Earlier this month, British Columbia high school students received the opportunity to get behind the closed doors of some of Vancouver’s biggest tech companies in the new event, Doors Open to Technology (DOT).
Produced by Inventa, a B.C. event and experiential marketing company alongside the local tech community, DOT gave 200 high school students the opportunity to explore the Vancouver tech community, and get a feel for the possible jobs they may strive for in the future. Some of the tech companies that participated in the event include Microsoft Vancouver, who was also the DOT presenting sponsor, SAP Canada, Telus, ACL, Intergalactic, BC Hydro, True Calling, and the Government of British Columbia.
“We wanted to do this because we saw this divide between what high school kids thought of the tech industry, and what the tech industry was doing to engage with them,” said David Nichols, Inventa founder and co-president, in an interview with CDN. “It seems that these companies are fighting for talent, and we thought that they should be talking to high schools students, so that they understand what types of great jobs there are in technology, specifically in B.C.”
“Through focus groups, we discovered that high school students don’t consider a tech career as often as they would another, and that when they do think of tech, they view it only in the terms of Silicon Valley and thinking that they have to be Mark Zuckerberg smart. [DOT] is a great chance to show part of the tech community these kids haven’t had exposure to before,” Nichols said.
The event featured presentations from leaders throughout the industry such as Bill Tam, CEO and president of BC Tech Association; Edoardo De Martin, director of Microsoft Vancouver; Keith Cerny, CTO of ACL; and Kirsten Sutton, vice president and managing director of SAP Labs Canada. This was followed by tours throughout local tech offices, such as Microsoft Vancouver’s new three acre campus, where the students got to see what sort of jobs these tech giants have, and what they could potentially be doing.
“Everyone knows Microsoft, but [the students] don’t know SAP, ACL, or Absolute Software. This gave them the chance to see what these other options are what they do in this community, and that they are more than just a name on a building,” added Nichols.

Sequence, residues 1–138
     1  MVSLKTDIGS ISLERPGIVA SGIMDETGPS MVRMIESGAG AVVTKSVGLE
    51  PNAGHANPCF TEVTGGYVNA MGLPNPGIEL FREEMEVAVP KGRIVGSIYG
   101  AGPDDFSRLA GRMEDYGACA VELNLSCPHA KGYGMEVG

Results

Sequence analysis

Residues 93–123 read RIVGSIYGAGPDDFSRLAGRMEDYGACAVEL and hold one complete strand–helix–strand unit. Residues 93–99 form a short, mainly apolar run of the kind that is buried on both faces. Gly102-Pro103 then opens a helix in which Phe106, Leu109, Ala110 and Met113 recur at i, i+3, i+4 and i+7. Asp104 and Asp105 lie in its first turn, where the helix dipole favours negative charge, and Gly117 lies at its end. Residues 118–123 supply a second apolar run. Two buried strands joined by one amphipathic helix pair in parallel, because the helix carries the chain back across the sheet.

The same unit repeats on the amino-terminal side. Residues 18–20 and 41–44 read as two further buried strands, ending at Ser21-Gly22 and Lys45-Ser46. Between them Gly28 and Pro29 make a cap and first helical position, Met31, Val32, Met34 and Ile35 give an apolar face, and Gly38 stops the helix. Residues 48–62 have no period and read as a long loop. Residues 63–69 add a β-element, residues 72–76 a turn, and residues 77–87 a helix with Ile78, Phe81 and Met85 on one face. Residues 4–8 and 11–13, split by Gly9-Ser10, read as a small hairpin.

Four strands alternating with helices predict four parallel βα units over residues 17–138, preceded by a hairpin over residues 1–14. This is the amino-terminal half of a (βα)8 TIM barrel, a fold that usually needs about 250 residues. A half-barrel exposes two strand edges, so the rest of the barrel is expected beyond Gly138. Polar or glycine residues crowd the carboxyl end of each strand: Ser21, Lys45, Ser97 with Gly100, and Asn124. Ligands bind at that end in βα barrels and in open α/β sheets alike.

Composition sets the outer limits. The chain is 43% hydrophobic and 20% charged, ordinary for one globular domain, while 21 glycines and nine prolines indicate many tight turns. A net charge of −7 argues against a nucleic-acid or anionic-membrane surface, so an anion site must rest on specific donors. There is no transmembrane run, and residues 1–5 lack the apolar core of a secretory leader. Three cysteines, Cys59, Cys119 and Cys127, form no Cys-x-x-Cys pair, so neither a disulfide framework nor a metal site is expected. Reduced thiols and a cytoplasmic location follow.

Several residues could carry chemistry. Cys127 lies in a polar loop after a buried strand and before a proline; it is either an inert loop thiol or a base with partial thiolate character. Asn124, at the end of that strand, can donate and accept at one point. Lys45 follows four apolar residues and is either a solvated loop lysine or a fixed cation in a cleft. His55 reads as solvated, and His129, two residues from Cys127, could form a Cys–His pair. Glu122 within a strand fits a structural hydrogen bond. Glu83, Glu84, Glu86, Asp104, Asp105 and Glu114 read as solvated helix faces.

Following the tours and presentations, the 200 students participated in a small “hack-a-thon” event. Like the smaller contests at individual offices, instead of just spitting out coding curriculum, the students were encouraged to think outside of the box in order to solve a problem, and then present their ideas in one minute to a panel of experts. “The point being to create a spark so that maybe they would think that this is something that they would want to do in the future,” Nichols said.
In addition to the corporate sponsors, the B.C. government had a hand in the event as well. “Technology is a key driver of B.C.’s diverse, strong and growing economy, and an important sector of our BC Jobs Plan. With almost one million job openings in our province by 2025, we need to ensure British Columbians have the skills they need to be first in line for these opportunities,” said Shirley Bond, Minister of Jobs, Tourism and Skills training and Responsible for Labour. “The Doors Open to Technology event will help our B.C. students learn more about the diverse options in this growing sector, so they can pursue rewarding careers in technology in the future.”
While nothing is set in stone, the next Doors Open to Technology event could be as early as Spring 2017, with as many as three to four events per year in the future.